Family Video closing marks end of an era

Family Video closing marks end of an era
The Family Video in Mexico is dark after the company closed its remaining locations nationwide, ending a 42-year run. [Nathan Lilley]
Dave Faries

Remember membership cards? Or the battle between Beta and VHS? Happy little reminders like “be kind, rewind”?

With the announcement that Family Video is shuttering its remaining stores across the U.S., including the one in Mexico, those memories from the golden era of movie rentals dimmed just a little more.

That Family Video survived for 42 years is often credited to the company’s strategy of locating many of its stores in smaller towns, where there weren’t movie rental options on every corner.

The company survived what had been a rapidly changing industry, transitioning from videotape to DVD. But in the wake of a topsy-turvy 2020, the company announced that it simply couldn’t hold on any longer.

It outlasted Hollywood Video, Movie Gallery, Top Hat, all those independent operations and even – with one exception – the industry giant, Blockbuster.

There is a Blockbuster in Bend, Oregon that refused to close after the company went bust in 2013, its business faltering as digital streaming took off.

“The impact of COVID-19, not only in foot traffic but also in the lack of movie releases, pushed us to the end of an era,” said CEO Keith Hoogland in a letter posted on the company website.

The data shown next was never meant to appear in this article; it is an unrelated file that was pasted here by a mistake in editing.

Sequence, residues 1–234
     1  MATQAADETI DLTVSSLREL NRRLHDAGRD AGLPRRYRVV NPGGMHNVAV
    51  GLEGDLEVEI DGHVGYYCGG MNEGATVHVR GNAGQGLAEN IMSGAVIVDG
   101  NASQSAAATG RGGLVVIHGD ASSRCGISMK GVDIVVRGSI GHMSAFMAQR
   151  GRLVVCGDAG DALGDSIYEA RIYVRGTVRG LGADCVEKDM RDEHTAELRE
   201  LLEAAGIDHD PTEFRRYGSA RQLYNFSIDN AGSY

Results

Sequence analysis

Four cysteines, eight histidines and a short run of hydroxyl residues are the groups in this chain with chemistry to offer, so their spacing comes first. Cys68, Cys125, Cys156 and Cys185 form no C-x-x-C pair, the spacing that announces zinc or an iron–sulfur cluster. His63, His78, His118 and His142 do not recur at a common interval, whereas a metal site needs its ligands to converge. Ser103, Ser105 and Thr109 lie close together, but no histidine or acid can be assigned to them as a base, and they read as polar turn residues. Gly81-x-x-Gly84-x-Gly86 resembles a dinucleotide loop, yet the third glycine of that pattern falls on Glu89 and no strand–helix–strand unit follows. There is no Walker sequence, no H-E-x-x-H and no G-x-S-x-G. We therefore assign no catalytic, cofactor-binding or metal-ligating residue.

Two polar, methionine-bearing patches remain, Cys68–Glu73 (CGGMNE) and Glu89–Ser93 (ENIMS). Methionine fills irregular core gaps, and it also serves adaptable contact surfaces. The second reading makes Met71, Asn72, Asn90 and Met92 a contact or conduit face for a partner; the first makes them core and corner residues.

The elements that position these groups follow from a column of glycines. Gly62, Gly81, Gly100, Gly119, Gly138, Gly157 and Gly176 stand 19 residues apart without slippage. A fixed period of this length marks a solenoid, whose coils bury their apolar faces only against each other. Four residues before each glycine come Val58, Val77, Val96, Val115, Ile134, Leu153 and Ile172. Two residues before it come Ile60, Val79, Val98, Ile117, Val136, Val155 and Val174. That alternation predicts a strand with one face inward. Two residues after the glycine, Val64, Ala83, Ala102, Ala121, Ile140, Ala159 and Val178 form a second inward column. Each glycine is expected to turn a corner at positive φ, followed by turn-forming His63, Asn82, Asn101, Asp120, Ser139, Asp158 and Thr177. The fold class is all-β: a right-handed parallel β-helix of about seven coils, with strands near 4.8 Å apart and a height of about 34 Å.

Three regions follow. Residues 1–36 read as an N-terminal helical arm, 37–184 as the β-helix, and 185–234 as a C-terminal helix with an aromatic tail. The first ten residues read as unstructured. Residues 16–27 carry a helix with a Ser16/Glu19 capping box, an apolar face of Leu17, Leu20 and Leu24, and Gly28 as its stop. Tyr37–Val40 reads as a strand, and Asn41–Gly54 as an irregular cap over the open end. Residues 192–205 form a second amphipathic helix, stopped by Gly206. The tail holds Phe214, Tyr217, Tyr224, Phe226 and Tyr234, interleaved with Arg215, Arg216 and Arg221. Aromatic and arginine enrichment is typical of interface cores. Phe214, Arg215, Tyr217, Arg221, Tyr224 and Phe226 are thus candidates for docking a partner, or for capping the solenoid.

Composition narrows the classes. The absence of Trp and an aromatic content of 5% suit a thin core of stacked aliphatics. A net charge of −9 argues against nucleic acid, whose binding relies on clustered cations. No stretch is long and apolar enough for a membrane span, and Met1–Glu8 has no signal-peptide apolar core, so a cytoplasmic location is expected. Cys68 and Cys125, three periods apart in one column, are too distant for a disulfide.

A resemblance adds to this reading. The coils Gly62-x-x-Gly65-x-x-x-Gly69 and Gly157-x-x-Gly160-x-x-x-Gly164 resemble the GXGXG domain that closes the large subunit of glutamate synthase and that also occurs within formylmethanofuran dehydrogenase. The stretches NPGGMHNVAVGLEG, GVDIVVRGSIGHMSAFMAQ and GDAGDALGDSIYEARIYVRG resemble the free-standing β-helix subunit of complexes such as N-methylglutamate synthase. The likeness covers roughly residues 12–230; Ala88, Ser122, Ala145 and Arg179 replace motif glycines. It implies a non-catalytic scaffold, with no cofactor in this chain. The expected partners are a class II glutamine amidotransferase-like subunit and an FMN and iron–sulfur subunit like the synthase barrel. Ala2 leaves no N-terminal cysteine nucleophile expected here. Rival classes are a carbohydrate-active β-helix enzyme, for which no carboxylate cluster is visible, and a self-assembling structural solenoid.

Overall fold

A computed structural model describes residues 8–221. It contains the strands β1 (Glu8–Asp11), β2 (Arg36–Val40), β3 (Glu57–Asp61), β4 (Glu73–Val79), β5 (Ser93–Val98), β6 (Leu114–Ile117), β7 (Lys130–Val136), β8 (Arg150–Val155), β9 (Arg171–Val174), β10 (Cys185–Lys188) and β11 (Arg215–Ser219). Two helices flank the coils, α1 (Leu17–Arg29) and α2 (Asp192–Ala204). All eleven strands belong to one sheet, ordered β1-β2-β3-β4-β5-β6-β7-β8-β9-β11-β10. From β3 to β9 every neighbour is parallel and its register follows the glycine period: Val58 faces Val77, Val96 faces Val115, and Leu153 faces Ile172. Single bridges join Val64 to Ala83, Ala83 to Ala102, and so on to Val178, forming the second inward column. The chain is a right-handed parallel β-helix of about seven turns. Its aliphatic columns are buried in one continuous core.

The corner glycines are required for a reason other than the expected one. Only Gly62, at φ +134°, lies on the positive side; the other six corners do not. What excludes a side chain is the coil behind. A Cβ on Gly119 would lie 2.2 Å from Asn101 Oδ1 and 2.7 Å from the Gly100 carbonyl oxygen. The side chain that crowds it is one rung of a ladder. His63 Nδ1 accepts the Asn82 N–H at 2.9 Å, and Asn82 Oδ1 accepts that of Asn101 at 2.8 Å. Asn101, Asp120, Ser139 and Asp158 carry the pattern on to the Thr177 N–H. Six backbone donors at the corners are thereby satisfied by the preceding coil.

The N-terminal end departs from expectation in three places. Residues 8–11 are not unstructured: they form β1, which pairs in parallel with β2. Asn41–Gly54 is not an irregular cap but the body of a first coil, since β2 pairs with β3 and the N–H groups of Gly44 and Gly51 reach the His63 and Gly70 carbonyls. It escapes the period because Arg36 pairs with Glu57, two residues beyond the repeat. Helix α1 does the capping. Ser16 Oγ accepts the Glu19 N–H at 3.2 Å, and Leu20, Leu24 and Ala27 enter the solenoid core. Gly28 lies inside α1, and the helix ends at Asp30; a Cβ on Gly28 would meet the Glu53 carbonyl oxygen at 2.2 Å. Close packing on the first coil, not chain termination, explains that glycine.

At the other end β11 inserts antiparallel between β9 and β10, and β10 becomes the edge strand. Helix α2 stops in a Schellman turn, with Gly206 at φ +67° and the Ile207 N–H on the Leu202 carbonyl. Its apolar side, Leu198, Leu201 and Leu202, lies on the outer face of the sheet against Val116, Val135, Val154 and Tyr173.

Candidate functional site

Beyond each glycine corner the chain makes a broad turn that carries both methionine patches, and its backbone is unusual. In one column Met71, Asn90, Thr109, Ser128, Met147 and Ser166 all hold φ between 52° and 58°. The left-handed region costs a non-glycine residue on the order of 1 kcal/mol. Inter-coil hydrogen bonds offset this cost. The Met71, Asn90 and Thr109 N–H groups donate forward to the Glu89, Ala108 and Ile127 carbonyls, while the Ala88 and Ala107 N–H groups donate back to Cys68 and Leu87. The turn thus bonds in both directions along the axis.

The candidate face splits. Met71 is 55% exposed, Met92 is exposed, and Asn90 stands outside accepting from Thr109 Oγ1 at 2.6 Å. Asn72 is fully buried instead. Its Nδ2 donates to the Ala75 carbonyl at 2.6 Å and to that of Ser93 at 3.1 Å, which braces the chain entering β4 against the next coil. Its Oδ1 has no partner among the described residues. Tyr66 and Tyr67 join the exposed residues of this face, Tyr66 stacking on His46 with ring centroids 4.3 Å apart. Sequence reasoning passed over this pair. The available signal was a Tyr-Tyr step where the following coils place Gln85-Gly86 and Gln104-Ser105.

Highland Ventures of Glenview, Illinois is the parent company of Family Video.

Family Video was founded three years after VCRs hit the consumer market in 1975. It quickly entered a golden age of perusing shelves, asking for recommendations, sneaking a peak at the back room where X-rated films were stored. In the 1980s even grocery stores rented movies and videotape players.

By 1988 there were over 25,000 dedicated movie rental stores in the U.S., along with 45,000 other shops that included video rental options. In 1989 it was estimated that a new Blockbuster opened every 17 seconds.
There were over 8,000 Blockbusters around the world. At its height, Family Video operated some 800 stores across the country.

In closing the company’s remaining 250 stores, all inventory will be liquidated – DVDs, popcorn, candy and all, right down to the shelves.

Redbox remains as the last nod to the glory days of actually fiddling with a DVD case. It operates 41,000 kiosks, including two in Mexico.


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